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Plant-Based Eating Tips and Recipes!

It’s no longer a secret that shifting towards plant-based/whole foods eating, which minimizes processed foods, is best for your overall health.

Plant-based eating limits, or eliminates, animal products and focuses on fruits, vegetables, legumes, seeds/nuts, and whole grains which provides higher amounts of many vitamins, minerals, and antioxidants. Many think of vegetarian’s when they think of plant-based eating, but there are numerous varieties of eating plant-based. This week we’ll look at the differences among them and maybe find a plant-based style that works for you!

But FIRST: To kick off your New Year, today’s mission for you is to go through your cupboards and toss, donate, or give away all those foods that do not fit your health and fitness goals – and start anew! Don’t worry, we’ve got you covered with some healthy recipes too!

Which Plant-Based Diet is Right For You?

No matter who you are, we believe the majority of your diet should be plant-based. Now, that doesn’t mean you can’t be healthy eating animal products, just that we should strive to allow plants to make up the majority of our calories and nutrition. Let’s discuss some varieties of primarily plant-based diets:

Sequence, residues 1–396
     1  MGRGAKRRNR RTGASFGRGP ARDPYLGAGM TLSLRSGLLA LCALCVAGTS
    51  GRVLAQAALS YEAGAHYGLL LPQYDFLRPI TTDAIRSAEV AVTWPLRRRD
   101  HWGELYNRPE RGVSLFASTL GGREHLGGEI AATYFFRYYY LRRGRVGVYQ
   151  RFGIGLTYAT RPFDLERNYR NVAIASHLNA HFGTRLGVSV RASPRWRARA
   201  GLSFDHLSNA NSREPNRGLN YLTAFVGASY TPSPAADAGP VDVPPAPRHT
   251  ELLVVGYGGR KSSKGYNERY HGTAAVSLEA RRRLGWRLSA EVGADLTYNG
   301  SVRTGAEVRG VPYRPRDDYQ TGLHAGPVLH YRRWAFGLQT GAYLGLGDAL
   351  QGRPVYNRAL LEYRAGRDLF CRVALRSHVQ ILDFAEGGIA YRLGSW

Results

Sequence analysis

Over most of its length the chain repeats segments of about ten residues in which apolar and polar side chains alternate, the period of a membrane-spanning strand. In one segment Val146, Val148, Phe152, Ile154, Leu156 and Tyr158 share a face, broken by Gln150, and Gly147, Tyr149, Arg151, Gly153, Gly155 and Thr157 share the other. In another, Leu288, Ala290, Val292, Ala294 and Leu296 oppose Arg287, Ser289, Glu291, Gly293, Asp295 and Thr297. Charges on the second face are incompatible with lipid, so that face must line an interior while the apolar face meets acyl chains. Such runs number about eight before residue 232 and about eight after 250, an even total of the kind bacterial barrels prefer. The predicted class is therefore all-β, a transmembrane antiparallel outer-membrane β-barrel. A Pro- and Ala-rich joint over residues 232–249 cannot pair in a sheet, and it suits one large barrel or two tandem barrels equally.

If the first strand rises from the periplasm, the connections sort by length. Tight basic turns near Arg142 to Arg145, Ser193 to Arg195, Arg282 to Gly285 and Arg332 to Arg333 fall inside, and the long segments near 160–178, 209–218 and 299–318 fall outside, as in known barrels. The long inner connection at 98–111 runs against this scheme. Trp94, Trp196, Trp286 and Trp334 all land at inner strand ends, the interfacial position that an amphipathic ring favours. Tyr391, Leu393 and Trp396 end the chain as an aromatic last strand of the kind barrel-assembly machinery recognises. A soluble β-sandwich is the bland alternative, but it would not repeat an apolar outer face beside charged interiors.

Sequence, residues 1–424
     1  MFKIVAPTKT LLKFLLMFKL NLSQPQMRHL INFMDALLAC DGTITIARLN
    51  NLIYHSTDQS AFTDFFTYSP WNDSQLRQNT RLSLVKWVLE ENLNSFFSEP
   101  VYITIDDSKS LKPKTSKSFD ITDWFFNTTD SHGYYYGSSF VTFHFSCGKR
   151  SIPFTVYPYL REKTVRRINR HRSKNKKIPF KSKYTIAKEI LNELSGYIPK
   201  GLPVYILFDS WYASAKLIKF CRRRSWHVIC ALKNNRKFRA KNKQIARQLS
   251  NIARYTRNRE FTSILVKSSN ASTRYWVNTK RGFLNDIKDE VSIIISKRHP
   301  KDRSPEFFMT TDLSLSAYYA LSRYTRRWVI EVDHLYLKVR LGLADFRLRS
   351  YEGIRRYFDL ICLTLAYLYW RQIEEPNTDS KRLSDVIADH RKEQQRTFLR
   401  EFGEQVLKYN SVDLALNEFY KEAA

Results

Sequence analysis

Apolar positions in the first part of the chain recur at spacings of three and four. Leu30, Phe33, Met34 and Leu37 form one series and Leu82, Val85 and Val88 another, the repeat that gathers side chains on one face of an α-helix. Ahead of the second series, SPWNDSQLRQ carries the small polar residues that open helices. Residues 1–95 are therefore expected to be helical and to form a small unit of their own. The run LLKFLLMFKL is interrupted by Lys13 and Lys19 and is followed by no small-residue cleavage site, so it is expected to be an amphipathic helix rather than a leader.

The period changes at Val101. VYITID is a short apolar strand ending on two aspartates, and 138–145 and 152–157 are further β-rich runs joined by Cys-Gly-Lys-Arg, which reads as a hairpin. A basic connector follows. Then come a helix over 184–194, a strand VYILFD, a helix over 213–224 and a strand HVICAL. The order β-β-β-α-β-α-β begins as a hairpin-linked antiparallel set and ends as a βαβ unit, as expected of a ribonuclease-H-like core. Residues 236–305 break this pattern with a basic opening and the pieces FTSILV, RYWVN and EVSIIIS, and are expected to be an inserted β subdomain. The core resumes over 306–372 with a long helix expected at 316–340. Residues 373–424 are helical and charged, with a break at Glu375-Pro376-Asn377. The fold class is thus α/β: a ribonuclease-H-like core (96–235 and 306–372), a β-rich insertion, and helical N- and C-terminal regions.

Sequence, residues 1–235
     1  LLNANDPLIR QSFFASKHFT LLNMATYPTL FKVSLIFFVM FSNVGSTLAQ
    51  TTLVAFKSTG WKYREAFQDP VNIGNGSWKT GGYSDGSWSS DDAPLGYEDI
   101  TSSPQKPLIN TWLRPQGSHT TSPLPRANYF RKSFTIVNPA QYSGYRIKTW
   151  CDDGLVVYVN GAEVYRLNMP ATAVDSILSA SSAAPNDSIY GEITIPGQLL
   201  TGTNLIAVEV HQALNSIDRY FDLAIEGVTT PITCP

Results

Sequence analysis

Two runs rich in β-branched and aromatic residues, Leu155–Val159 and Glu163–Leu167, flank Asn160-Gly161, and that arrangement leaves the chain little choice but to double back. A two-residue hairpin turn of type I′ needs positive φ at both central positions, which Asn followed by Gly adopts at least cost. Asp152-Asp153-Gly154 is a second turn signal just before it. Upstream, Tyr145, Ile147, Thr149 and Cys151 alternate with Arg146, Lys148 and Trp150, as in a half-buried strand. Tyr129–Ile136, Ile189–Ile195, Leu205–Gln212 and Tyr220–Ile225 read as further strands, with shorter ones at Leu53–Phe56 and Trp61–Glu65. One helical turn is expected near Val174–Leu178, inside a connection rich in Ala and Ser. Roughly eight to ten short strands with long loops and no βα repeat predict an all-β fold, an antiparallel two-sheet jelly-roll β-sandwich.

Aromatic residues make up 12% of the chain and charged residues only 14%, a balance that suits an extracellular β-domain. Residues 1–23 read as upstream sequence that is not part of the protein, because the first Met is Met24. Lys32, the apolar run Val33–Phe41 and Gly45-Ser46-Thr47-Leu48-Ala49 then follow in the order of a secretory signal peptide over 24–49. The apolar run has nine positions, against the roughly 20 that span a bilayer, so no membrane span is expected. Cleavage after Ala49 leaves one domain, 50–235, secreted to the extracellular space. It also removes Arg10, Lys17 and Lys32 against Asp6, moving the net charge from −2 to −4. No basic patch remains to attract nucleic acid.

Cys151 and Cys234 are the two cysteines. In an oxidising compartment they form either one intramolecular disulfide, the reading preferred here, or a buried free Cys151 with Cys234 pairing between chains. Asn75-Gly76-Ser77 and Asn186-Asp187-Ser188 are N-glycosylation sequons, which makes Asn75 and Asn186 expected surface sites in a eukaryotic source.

Vegetarian

Even within this meat-less category there are numerous forms:

Lacto-Vegetarian – Including dairy products such as milk, yogurt, cheese, etc.

Ovo-Vegetarian – Including eggs only

Lacto-Ovo-Vegetarian – As you may have guessed, lacto-ovo-vegetarians exclude meat but allows for dairy and eggs.

Pescatarian

Essentially, vegetarians that exclude dairy and eggs but do include fish. Fatty-fish, like salmon area great way to get your omega-3’s in. For the most benefit, look for wild caught salmon vs farmed.

Not a big fish fan? Try Sea Cuisine which offers sustainably caught seafood with a variety of tasty flares like Mediterranean crusted salmon, tortilla crusted tilapia, and summer herb crusted cod. They also offer non-crusted fish like blacked Cajun salmon. Available in most grocery stores in the frozen fish area.

Flexitarian

Flexitarians are “casual” vegetarians that occasionally eat meat, fish, dairy and/or eggs. For many it is hard to make the switch altogether away from animal products and still adequately meet nutritional needs – at least until they figure out strategies and recipes that allow them to do so. Not everything has to be a clean break!

Vegan

While veganism and vegetarianism crossover much of the same territory – veganism tends to take things to another level by even excluding products from insects – like honey for instance – and in some cases branching beyond what goes in your mouth and abstaining from using non-dietary animal products like wool.